The Maritime Union of Australia (MUA) says any changes to Australia’s visa system must address current deficiencies in Maritime Crew Visas and the issuing of temporary licenses for coastal shipping trade when there are Australian workers available and willing to do the work.
The Turnbull Government today announced new categories of foreign worker visas, a 2-year visa under which there will be no residency option and a 4-year visa for higher skilled jobs requiring mandatory criminal checks and better English in clear areas of need to replace the 457 visa.
Mr Turnbull said the government would no longer allow 457 visas “to be passports to jobs that could and should go to Australians”.
The announcement came on the same day aviation industry advocates said changes in cabotage laws would lead to reduced safety and job losses in Australia’s vast transport sector.
Qantas’ submission to the Senate red tape committee chaired by NSW Senator David Leyonhjelm warned overseas carriers should not be allowed to operate on domestic routes in Australia as any changes would have substantial economic, employment and operational risks.
"Put simply, this would be a disastrous trade negotiation strategy and deny Australian airlines a clear measure of certainty around which they can base long-term investment planning," it says.
Qantas also warns of safety risks flowing from airlines "operating in lower-cost safety regimes with different standards" and potential job losses.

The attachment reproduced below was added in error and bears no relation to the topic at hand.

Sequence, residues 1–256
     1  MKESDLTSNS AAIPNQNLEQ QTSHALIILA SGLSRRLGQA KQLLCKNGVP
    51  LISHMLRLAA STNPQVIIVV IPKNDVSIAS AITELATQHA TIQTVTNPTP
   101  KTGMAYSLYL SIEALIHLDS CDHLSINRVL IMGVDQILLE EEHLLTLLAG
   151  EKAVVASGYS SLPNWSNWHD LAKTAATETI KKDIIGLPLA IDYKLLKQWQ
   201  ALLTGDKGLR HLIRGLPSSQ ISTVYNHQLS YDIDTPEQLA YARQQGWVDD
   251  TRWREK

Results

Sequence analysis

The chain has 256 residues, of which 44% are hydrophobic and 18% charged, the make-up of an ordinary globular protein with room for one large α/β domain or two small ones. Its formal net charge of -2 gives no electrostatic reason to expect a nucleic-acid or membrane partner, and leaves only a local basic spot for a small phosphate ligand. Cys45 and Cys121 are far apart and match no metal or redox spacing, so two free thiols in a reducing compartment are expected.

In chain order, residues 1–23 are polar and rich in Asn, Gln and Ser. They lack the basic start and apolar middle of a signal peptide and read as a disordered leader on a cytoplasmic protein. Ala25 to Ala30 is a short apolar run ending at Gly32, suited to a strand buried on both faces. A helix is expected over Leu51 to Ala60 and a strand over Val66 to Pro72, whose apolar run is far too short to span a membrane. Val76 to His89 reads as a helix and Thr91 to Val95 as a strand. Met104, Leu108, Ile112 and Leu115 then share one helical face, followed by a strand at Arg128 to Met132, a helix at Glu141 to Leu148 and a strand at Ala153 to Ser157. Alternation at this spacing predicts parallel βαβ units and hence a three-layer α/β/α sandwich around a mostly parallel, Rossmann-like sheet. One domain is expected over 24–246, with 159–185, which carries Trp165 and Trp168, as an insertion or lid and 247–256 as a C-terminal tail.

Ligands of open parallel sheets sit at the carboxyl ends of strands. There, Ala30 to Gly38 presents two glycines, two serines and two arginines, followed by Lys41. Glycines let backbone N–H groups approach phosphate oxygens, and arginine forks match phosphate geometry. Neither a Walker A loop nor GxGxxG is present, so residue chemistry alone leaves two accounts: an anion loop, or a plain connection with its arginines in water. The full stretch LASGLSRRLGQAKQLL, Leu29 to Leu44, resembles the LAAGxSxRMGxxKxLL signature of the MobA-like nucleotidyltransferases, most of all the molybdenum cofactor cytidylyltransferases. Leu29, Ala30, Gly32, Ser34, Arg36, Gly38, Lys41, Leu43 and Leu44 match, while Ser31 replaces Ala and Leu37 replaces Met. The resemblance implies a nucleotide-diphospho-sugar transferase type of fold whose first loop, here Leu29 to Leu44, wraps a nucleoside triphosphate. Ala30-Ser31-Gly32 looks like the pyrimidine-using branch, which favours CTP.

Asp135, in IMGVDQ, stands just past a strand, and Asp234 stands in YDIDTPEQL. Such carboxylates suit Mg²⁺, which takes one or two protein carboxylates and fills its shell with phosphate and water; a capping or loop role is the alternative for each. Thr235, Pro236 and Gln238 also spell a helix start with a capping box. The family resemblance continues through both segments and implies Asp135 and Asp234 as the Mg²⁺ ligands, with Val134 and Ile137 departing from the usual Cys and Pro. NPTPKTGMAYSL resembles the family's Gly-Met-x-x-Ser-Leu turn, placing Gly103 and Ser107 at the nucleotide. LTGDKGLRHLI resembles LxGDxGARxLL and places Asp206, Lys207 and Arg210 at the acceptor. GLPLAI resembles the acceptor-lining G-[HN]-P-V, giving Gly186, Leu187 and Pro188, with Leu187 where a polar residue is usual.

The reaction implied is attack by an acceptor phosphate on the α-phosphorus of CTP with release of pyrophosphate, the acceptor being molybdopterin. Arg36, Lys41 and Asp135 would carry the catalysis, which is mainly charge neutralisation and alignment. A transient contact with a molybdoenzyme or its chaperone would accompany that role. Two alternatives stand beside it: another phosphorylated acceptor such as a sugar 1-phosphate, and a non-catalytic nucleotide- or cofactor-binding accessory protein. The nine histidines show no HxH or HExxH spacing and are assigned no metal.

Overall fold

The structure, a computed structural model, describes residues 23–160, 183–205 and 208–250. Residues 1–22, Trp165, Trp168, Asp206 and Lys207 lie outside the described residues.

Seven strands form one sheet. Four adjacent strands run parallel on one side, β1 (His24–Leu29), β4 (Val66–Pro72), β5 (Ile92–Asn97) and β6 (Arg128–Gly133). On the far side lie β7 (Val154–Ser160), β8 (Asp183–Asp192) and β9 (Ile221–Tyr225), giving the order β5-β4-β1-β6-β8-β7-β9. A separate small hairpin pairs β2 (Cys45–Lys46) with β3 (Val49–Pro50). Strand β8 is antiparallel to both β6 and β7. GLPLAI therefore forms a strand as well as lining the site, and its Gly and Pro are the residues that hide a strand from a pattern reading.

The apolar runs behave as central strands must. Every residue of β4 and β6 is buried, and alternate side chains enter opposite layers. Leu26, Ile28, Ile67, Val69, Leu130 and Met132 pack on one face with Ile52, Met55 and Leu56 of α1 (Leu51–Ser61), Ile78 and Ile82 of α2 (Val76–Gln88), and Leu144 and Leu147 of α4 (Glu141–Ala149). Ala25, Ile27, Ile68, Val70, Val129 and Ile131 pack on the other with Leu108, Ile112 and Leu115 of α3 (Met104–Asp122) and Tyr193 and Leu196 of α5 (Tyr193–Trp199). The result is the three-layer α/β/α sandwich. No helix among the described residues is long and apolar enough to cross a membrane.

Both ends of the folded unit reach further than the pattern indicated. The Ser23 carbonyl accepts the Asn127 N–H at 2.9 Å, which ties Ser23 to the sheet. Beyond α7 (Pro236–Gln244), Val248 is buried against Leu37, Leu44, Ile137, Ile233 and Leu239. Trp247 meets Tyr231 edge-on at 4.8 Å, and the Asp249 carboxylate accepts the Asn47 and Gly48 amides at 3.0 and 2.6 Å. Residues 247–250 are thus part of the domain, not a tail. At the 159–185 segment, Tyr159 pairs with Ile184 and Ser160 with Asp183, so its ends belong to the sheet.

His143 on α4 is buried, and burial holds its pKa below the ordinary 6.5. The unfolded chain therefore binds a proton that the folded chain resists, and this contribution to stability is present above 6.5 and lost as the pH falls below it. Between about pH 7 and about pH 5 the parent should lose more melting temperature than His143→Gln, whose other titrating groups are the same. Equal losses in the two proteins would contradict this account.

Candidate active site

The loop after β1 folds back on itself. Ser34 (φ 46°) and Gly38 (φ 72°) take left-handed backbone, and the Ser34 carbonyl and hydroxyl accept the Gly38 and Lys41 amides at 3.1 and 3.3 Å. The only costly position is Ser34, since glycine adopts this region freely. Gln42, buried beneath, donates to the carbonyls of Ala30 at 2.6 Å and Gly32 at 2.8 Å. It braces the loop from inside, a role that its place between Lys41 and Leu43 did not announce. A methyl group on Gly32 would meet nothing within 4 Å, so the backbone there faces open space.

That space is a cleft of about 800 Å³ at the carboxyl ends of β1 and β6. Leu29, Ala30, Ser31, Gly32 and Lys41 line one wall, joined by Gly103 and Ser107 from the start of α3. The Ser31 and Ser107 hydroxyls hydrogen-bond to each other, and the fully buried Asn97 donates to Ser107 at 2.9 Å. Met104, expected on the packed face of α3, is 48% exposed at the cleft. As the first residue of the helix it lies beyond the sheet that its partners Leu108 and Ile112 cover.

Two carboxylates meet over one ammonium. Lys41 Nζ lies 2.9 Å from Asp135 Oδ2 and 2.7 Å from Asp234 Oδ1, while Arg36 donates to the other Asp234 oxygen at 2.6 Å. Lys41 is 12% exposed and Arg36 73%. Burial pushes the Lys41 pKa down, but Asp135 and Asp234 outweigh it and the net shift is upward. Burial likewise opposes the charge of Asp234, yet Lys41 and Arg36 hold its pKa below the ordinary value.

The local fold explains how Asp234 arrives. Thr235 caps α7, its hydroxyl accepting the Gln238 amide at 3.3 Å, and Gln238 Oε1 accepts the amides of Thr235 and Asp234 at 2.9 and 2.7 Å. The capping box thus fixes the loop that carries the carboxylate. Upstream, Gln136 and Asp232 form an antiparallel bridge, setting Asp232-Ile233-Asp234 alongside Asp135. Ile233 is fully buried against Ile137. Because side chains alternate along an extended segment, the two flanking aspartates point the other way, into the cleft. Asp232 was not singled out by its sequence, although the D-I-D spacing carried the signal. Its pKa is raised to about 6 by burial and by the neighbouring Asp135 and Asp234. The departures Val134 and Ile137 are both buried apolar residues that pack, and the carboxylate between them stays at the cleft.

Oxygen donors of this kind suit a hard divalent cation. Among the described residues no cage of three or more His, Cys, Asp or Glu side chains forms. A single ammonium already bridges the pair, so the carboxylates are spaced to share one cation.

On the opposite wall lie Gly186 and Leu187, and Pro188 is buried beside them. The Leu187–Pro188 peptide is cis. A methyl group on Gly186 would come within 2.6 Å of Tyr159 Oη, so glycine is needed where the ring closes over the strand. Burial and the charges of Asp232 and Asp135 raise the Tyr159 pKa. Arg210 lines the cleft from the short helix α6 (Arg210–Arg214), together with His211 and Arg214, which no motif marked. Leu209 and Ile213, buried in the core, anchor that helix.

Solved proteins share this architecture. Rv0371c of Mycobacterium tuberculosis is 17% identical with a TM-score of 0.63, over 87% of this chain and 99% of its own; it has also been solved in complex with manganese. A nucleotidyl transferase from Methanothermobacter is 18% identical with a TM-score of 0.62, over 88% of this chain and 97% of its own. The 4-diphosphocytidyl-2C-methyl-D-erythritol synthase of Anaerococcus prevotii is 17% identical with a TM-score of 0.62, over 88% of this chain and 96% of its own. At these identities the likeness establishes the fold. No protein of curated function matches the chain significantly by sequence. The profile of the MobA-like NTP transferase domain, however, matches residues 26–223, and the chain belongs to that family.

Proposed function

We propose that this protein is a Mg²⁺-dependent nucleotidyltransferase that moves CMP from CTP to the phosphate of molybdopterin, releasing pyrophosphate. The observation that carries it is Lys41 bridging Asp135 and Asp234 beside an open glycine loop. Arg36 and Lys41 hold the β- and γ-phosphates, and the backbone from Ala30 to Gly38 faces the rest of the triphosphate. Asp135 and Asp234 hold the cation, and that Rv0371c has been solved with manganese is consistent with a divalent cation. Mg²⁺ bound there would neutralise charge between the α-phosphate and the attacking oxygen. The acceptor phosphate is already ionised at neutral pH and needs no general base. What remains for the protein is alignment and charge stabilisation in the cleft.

MUA National Secretary Paddy Crumlin said the same arguments were true in shipping as made in the MUA submission to the Senate red tape committee and that future changes should tighten cabotage rules as opposed to any move towards deregulation.
Federal Transport Minister Darren Chester has released a discussion paper and aims to introduce new legislation covering coastal shipping later this year.
"Australia has a very strict cabotage regime for aviation where foreign companies can't just come here and operate on domestic routes but there has been a very liberal approach to cabotage for the maritime sector," Mr Crumlin said.
“Without strong rules, Australian companies have to compete with cheap, exploited foreign labour, without adequate criminal checks, on Flag-of-Convenience vessels, the owners of which pay no tax and often flout safety laws.
“The Minister’s response needs to address taxation changes and the regime covering the issuing of temporary licences, in addition to fixing deficiencies in Maritime Crew Visas for foreign seafarers.
Mr Crumlin cited Canadian Government’s settlement in February with the Seafarers’ International Union of Canada over breaches of the Temporary Foreign Worker Program that will lead to hundreds of jobs for Canadian seafarers in their domestic trade.
Earlier this year, the UK Government said it was preparing to defend its maritime industry against the rise of cheap foreign shipping that threaten to price British seafarers out of the North Sea.
In addition, United States Customs and Border Protection officials are poised to revise dozens of rulings related to the Jones Act dating back 40 years that would restore over 3,200 American jobs and close loopholes that gave preference to foreign workers and foreign shipbuilding.
“The global trend among governments is to be more introspective and geared towards protecting local industries and jobs. Australian jobs in coastal shipping should be a no brainer – whether you look at it with respect to local jobs, national security, fuel security or protecting the environment.”